There is no ‘one size fits all’ SRIA or a template to follow, as the strategic approach to research and innovation of a partnership needs to reflect its mission and vision and its approach to define and pursue its pathway to impact. Different partnerships may adopt different approaches to set out their SRIAs, depending on the specific needs in the field and the stakeholders concerned. In some cases, a SRIA may need to refer to a set of technological challenges or regulatory issues that need to be resolved by a partnership and its industrial and public partners, during its operation. In other cases, a partnership may need to focus more on key needs and the interaction between actors from public policy, research and innovation communities, and end-users around jointly defined challenges.

What SRIAs need to have in common, is a sufficient detailed and distinct level of contents, that allows establishing annual and multi-annual workplans based upon the prioritized lines of actions. Therefore, SRIA development needs to follow a systemic approach (see section above). Horizon Europe insists on openness and inclusiveness in R&I agenda-setting throughout the lifetime of the partnership and also, active and early involvement of Member States. The main expectations are a better alignment of R&I agendas to societal needs, to respond more effectively to SDGs, and the creation of more favorable conditions for promoting take-up and adoption.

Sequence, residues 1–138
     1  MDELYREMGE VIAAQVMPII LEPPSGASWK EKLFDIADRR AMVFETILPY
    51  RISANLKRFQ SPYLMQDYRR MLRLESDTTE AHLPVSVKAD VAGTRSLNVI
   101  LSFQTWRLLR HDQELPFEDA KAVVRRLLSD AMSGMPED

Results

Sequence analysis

What are the functions of SRIA for different actors?

The SRIA is a key document of the partnership, which provides guidance for those in charge of designing and implementing the partnership and information for all actors interested or potentially affected with the operation of the partnership. When establishing the partnership proposal, among others, the following group of actors could be considered as target groups of the partnership’s SRIA:

The research and innovation communities of the partnership

The public and private research actors (including actors such as public authorities, NGOs, civic organizations that pursue research and/or are have an interest in research results) active in the areas of operation of the partnership, are a key target group of the SRIA. To the research and innovation communities, the SRIA should provide an overview on key topics, measures and instruments being developed, and their role within the partnership. The research and innovation community should also be involved in the process of setting up the SRIA (see section on systemic approach).

Policy Makers and national decision-making bodies